José Pérez Reyes – In Hock
The narrator wakes up tired. He feels airy, but then he always does – and he also feels like he has lost his soul. He recently sold his vote in an unspecified election in Asunción, Paraguay, and the money he received has done nothing to assuage his guilt. José Pérez Reyes' In Hock (trans. Jethro Soutar) is concerned with the stifling atmosphere of dictatorship and oppression, and how it numbs the youth, forcing them to fight or flee. Too many choose to flee, including the narrator, which means the dictatorship stays in place and nothing really changes.
The narrator describes things well. The first girl he slept with he calls a “carnal cloud”, tying his descriptive language into the general theme of feeling “airy”. Pérez Reyes's implication is that, for the young people of Paraguay, they leave or they feel “airy”, which is to say they float, unconnected to anything, disassociated from their country and time.
Nothing changes, people still want to get out of the country as soon as they can. No one stays.
The narrator waits for a bus to take him to the passport office, where he will get a passport and then, maybe one day (he isn't particularly clear on this point), leave. To Spain, where he will fit in, and not to America, where he knows he won't. But this ambition is vague and ill-defined, and we aren't all that sure it will happen. The narrator has lost his motivation in life, he's become deadened and listless by the lack of possibility in his life. The bus doesn't arrive but a taxi does, driven by a friend who is rather passive aggressive in his attitude regarding people who leave Paraguay. He tells the narrator stories that have a well-worn feel to them, as though they've been polished from thousands of tellings to hundreds of bored passengers. One story deals with an old man who asked to be taken to the airport:
We had quite a stretch to travel so I just left him to it. I remember I even found some calm music on the radio, to stop the sound of the traffic giving him a sudden fright. In the end it was me who had the fright. We got to the airport entrance where the dictatorship used to have a police checkpoint, to make sure not just anybody flew out of the country. Those were the days of real repression, siege by state decree, and only the lucky ones were allowed out.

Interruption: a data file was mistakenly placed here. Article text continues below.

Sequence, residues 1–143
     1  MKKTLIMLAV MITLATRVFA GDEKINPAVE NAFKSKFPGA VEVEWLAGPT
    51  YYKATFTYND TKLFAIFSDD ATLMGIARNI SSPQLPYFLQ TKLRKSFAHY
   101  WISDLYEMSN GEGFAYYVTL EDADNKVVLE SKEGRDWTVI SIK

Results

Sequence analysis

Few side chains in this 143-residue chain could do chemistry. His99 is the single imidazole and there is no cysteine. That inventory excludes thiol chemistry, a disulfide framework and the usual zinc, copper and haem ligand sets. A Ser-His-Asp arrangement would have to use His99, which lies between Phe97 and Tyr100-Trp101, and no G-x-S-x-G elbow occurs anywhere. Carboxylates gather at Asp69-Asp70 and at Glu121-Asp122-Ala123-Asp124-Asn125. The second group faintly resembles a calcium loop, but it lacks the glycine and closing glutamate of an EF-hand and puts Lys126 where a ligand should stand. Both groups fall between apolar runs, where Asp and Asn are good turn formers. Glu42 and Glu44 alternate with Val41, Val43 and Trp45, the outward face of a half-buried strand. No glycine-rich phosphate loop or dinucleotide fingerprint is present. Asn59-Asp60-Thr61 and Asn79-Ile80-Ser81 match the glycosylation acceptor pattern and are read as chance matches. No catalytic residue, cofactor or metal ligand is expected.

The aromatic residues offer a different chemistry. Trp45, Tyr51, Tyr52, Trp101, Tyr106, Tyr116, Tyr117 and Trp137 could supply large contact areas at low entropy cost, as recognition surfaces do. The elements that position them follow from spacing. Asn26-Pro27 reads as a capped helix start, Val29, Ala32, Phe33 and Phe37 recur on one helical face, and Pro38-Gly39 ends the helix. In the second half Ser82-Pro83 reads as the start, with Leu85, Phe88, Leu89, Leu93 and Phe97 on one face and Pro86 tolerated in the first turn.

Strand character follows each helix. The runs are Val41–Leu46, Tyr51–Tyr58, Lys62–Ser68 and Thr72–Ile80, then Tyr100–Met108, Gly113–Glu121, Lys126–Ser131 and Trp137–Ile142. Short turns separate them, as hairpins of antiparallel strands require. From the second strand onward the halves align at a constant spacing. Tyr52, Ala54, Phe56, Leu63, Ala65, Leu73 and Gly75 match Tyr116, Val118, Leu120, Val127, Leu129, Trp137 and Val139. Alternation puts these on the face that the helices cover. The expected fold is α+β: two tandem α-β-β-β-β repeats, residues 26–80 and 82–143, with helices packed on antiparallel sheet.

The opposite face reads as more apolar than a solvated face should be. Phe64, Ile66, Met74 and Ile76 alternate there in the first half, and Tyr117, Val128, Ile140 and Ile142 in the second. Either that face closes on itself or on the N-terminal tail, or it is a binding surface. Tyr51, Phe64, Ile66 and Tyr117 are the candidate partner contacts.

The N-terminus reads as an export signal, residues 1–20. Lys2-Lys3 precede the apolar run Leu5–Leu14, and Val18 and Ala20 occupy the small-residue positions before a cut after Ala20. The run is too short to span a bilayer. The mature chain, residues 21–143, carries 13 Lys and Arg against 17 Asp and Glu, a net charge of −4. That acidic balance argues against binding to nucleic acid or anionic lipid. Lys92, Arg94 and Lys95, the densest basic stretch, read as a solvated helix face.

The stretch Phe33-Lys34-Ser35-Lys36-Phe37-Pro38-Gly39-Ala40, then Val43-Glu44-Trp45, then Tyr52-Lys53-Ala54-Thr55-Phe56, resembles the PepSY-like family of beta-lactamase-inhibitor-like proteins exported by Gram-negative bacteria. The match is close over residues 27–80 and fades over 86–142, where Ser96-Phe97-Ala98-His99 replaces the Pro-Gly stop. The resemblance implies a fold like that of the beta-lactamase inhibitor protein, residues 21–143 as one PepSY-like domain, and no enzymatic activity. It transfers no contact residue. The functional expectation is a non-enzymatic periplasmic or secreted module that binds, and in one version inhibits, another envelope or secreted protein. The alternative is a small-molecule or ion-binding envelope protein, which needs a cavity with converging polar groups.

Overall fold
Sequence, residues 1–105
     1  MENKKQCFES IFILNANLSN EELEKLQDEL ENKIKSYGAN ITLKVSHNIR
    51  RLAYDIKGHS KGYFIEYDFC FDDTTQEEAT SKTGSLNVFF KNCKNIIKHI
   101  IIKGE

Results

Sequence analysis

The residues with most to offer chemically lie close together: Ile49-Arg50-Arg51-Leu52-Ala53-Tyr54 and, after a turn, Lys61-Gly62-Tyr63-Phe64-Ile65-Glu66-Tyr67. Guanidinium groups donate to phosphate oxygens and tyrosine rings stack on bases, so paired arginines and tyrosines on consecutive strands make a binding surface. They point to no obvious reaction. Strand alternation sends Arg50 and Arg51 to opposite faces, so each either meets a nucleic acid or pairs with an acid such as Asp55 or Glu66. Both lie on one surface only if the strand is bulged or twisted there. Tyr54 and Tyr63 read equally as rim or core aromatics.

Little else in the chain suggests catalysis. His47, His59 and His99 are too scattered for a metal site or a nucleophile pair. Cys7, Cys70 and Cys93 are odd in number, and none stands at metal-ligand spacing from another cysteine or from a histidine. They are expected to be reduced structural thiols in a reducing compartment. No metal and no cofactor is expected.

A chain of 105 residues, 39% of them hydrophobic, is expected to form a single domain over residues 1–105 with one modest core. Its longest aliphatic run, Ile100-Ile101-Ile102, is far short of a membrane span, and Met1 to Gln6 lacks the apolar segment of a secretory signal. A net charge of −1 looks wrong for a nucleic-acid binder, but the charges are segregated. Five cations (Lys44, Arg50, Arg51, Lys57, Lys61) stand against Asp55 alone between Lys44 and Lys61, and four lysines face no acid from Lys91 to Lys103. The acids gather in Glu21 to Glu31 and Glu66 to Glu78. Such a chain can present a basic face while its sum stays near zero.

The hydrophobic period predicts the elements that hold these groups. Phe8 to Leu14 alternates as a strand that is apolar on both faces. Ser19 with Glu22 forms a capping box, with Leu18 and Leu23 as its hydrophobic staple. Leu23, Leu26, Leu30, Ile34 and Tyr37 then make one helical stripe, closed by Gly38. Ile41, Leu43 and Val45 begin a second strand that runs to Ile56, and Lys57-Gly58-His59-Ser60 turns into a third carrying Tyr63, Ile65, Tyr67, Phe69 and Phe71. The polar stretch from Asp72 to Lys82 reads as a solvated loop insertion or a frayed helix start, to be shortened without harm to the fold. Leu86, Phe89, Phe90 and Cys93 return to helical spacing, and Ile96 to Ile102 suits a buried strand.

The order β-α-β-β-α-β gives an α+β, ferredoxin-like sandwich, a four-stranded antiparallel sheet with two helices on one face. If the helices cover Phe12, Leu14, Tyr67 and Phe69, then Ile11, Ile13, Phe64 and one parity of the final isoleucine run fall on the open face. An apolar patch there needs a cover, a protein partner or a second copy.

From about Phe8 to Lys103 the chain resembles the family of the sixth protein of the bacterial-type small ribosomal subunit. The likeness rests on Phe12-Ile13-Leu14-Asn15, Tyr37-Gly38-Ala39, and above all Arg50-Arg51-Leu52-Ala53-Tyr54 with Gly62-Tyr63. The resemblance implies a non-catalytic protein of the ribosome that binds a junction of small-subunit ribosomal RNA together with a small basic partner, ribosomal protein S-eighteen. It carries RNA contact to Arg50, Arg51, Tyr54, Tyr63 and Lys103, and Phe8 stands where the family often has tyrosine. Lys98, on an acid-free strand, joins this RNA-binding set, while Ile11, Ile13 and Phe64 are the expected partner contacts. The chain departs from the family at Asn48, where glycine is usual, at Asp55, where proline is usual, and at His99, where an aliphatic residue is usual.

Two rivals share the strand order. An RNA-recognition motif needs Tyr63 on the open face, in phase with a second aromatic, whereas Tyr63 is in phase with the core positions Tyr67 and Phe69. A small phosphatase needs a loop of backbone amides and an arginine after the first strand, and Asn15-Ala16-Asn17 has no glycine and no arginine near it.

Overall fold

The bulk of the story is made up of the conversation between the two, or rather, the taxi driver telling the narrator what he thinks. Interspersed throughout are the narrator's thoughts, and they are unformed, negative, wistful and without hope – but not despairing. Things aren't good and they aren't going to get better, but that's the way of it. The narrator's attitude is to shrug his shoulders and carry on.
Putting your future in hock with an ad hoc pledge to leave the country.
A pledge, an urge, a longing, a hankering, a yearning, a whim. I play with the words in my head.
In hock, ad hoc, ham hock. Flying pig migration.
In Hock is a story of futility. Perhaps the narrator will leave Paraguay, but it seems unlikely. Sure, he is on his way to get a passport, but he never really seems particularly concerned whether he actually manages to get one or not, or how exactly he will leave if he does. If it happens, it happens. If not, not. The futility of Paraguay has infused the bones of the narrator – he has no ambition nor desire to be anything other than airy. In Hock at times seems like a diaphonous story, one destined to leave one's mind as soon as it has entered, but it's air of breezy wistfulness commands a certain level of attention, encouraging the reader to recognise that not all “bad things” in the world require (or engender) staunch resistance. Sometimes – many times – the active youth, the struggling middle and working classes, the ordinary people – sometimes they just worry about getting by, and they sell their votes to the ruling party, and they feel their soul is lost, but it's gone now and they don't know how to get it back, or if they need it. Pérez Reyes understands that the Che Guevara-style resistance, or the Hollywood-esque confrontations, are rarely what occurs in real life. Sometimes everybody just gives up, but wish they hadn't.
In Hock by José Pérez Reyes is a short story from Words Without Borders' January 2011 edition, The Work Force issue. All of the work reviewed is freely available online.
Other stories from the Words Without BordersJanuary 2011 edition, The Work Force issue include:
---Pradelli, Ángela - The Bather